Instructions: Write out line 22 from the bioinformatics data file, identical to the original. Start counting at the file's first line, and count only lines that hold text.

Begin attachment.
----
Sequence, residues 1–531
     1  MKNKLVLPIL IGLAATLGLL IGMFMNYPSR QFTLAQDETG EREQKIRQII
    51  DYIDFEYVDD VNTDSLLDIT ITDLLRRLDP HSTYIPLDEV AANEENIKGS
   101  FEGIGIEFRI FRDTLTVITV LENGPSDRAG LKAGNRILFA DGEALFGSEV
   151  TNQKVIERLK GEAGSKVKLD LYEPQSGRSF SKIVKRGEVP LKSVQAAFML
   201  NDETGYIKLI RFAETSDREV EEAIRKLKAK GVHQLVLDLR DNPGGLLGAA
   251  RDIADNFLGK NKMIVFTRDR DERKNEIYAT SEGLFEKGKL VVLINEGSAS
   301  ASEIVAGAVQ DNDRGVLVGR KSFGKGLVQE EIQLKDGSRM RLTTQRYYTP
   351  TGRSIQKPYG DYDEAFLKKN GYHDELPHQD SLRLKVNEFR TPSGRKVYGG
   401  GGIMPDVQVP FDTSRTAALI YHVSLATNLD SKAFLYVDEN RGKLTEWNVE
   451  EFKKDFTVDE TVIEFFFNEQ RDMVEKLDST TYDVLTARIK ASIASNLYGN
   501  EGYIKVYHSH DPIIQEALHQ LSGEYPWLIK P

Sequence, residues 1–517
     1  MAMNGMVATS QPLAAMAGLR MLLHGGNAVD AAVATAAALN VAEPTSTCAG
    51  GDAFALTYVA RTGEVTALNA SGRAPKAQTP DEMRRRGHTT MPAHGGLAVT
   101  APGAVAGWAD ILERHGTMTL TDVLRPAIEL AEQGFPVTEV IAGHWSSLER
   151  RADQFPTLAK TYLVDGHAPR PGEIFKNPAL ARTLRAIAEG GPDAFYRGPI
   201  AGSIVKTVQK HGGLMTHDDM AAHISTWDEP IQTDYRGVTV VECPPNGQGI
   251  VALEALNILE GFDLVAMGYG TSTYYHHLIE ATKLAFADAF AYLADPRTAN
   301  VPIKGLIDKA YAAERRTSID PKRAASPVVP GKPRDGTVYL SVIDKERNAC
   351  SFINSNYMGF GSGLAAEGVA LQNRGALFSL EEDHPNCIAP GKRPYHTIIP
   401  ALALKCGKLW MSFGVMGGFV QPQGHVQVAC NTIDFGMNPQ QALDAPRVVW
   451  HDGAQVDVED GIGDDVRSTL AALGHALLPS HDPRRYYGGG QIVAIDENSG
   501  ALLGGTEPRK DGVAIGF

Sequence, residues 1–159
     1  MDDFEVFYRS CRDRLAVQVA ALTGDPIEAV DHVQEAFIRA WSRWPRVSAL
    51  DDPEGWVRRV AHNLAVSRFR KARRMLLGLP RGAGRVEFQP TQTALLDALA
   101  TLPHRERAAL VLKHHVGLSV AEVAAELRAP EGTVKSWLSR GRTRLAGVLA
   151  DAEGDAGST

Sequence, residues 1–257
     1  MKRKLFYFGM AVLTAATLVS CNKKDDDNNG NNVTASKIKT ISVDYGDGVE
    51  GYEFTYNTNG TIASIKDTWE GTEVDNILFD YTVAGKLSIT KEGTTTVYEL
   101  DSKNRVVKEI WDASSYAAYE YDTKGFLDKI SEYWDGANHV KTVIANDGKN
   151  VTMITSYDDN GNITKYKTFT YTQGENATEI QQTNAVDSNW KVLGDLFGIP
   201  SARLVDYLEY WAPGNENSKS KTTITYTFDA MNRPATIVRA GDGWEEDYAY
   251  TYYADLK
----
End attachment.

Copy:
   401  ALALKCGKLW MSFGVMGGFV QPQGHVQVAC NTIDFGMNPQ QALDAPRVVW